Skip to comments.Boeing 777 Pilots: It's Not Easy To Disable Onboard Communications (No idea)
Posted on 03/14/2014 5:04:12 PM PDT by Drango
Commercial aviation pilots tell NPR that they would have no idea how to disable all the systems designed to automatically communicate with ground stations, though they could probably figure it out from checklists and other documentation available aboard an aircraft.
Aircraft such as the Malaysia Airlines Boeing 777, which disappeared over the Gulf of Thailand a week ago, are equipped with transponders that give their position to air traffic control. The transponders can be switched off with a flick of a switch. But modern planes like the 777 have two other systems as well: cockpit radios and a text-based system known as aircraft communications addressing and reporting system, or ACARS, which can be used to send messages or information about the plane.
But the plane's transponder appears to have been intentionally shut off and the ACARS may have been shut down as well.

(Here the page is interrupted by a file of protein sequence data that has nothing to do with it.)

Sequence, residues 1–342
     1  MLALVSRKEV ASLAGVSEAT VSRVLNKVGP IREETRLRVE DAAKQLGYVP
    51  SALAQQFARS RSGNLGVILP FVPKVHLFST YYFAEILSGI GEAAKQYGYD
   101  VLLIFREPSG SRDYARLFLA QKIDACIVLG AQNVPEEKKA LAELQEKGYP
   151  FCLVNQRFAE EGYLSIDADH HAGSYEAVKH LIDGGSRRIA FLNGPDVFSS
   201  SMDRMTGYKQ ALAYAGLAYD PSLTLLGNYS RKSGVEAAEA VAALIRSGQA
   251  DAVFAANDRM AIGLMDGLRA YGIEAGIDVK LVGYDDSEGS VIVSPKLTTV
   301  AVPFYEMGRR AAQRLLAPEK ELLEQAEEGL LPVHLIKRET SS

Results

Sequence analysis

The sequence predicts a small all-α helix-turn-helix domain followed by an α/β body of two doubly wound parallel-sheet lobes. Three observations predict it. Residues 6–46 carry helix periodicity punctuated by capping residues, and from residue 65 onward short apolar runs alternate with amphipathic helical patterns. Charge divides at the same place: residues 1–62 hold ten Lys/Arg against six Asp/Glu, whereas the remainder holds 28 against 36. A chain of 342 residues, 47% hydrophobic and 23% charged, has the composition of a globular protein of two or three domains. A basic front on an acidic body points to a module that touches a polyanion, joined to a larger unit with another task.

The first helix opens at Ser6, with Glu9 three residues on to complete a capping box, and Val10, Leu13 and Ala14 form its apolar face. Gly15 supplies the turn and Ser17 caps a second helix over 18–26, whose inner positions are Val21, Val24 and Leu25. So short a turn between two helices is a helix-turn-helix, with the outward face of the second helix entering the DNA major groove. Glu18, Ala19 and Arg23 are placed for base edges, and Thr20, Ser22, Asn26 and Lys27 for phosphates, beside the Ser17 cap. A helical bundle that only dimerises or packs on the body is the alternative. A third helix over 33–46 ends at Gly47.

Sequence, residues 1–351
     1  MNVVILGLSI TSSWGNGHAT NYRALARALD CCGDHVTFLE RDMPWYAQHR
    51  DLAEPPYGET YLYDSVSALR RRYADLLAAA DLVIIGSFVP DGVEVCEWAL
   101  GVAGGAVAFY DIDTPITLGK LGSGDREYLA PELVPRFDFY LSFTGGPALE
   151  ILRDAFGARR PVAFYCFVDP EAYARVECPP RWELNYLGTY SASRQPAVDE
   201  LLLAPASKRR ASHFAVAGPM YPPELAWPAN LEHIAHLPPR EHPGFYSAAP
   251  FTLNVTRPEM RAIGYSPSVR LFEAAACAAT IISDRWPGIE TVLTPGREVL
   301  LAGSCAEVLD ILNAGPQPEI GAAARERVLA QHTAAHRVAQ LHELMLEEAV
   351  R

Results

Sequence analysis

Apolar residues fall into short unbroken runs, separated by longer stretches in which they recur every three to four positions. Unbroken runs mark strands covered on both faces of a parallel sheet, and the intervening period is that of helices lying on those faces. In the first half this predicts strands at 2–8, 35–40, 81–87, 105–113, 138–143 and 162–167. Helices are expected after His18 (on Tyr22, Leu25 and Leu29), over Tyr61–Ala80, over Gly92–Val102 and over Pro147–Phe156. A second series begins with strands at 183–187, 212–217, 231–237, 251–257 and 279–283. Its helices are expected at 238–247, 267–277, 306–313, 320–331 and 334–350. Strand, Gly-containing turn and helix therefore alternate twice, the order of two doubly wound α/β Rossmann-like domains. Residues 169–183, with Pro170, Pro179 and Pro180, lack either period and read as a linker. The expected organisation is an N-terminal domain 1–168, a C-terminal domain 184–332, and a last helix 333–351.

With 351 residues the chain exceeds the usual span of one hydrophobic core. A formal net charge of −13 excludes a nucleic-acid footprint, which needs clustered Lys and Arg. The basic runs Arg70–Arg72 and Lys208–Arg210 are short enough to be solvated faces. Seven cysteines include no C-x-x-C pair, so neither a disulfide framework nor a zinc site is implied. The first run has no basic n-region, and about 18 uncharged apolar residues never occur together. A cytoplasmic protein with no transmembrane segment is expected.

Turning off the radios and ACARS would be more difficult. NPR's Geoff Brumfiel spoke with commercial pilots, including two who have flown Boeing 777s similar to the jet that vanished with 239 people aboard. He says the pilots tell him that those systems are "pretty hard-wired into a modern aircraft.
"They said you'd have to go through big checklists, you'd have to possibly pull circuit breakers if you wanted to deactivate [all the communications equipment],"
"So, to do this, you'd have to have some degree of premeditation and a lot of knowledge of the aircraft," he says.